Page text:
Take the 2-minute tour ×
Mathematics Stack Exchange is a question and answer site for people studying math at any level and professionals in related fields. It's 100% free, no registration required.

I'm trying to practice my proof-writing skills. At the moment I trying to prove the following proposition:

For every one-to-one function $\: f:X \to Y \:$, and sequence of sets $\: B_n \subseteq X \:$,

$$\: f \left[\bigcap_{n=0}^\infty B_n \right] = \bigcap_{n=0}^\infty f \left[B_n\right].$$

I was hoping to get some feedback on the proof. I suppose both in terms of content and form. Thanks!


First, for some arbitrary $y \in Y$, suppose that $y \in f\left[ \bigcap_{n=0}^\infty B_n\right]$.

Then, by definition, $\exists x \in \bigcap_{n=0}^\infty B_n$ such that $f(x) = y$.

And, because we have an intersection, it follows that $\exists x : \forall n\, (x \in B_n)$.

In that case, $y \in f\left[B_n\right]$ for each $n$.

And therefore, $y \in \bigcap_{n=0}^\infty f\left[B_n\right]$.

So we've shown that $y \in f\left[ \bigcap_{n=0}^\infty B_n\right] \implies y \in \bigcap_{n=0}^\infty f\left[B_n\right]$.

Now, assuming that $f$ is one-to-one, suppose that we have $y \in f\left[B_n\right]$ for each $n$.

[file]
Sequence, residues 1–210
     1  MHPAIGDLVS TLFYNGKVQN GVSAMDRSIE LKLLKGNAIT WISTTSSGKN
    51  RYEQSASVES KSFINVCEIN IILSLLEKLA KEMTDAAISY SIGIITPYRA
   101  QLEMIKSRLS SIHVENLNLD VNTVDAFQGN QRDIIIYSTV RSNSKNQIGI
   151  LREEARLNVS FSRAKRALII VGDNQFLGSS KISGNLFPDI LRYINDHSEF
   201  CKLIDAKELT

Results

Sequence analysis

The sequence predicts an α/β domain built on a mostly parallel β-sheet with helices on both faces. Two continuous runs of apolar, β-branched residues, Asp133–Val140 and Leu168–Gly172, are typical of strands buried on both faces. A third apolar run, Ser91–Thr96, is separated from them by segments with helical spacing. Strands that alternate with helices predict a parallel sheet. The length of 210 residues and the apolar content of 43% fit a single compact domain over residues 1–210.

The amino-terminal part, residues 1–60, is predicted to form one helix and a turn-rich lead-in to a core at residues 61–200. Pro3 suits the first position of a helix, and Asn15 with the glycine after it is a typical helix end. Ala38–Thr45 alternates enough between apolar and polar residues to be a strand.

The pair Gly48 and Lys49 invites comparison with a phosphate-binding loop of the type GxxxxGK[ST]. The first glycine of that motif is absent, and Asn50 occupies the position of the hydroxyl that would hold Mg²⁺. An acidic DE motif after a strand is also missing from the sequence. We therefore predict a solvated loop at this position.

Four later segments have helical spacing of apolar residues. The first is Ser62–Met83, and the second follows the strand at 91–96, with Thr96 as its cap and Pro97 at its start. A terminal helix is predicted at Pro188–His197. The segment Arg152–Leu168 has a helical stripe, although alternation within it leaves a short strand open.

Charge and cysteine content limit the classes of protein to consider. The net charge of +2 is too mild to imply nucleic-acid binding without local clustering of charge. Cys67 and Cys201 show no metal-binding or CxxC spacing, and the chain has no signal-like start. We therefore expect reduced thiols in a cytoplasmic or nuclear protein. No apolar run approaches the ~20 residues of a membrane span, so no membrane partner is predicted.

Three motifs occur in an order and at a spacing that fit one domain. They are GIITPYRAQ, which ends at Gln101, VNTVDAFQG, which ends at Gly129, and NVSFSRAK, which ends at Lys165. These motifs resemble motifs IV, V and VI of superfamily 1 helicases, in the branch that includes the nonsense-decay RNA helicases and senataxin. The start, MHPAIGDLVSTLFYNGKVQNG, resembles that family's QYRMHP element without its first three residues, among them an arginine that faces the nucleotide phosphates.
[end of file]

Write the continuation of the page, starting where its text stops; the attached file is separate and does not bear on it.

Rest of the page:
So for all $n$, there is an $x \in X$ such that $f(x) = y$.

But if $f$ is an injection then, by definition, there is only one such $x$.

It follows that for each $n$, this unique $x$ is in $B_n$, that is $x \in \bigcap_{n=0}^\infty B_n$.

And $x \in \bigcap_{n=0}^\infty B_n \implies y \in f\left[ \bigcap_{n=0}^\infty B_n\right] $.

So we've shown that $y \in \bigcap_{n=0}^\infty f\left[B_n\right] \implies y \in f\left[ \bigcap_{n=0}^\infty B_n\right] $.

So the implication goes in both directions, which is what we needed to show.

End proof.

Thanks in advance for your comments. I really appreciate it.

share|improve this question
The writing could be tightened up just a bit, but it’s correct and reasonably clear. –  Brian M. Scott Feb 2 '13 at 23:19
@WilloW In the first inclusion you took $y\in Y$ first and you supposed it was in LHS set of the equality. Despite not being incorrect, there's no need for that. You can simply take $y$ in the LHS set from the get go. –  Git Gud Feb 2 '13 at 23:24
Thanks for the comments! Really appreciate it. –  WilloW Feb 3 '13 at 17:19

Your Answer


By posting your answer, you agree to the privacy policy and terms of service.

Browse other questions tagged or ask your own question.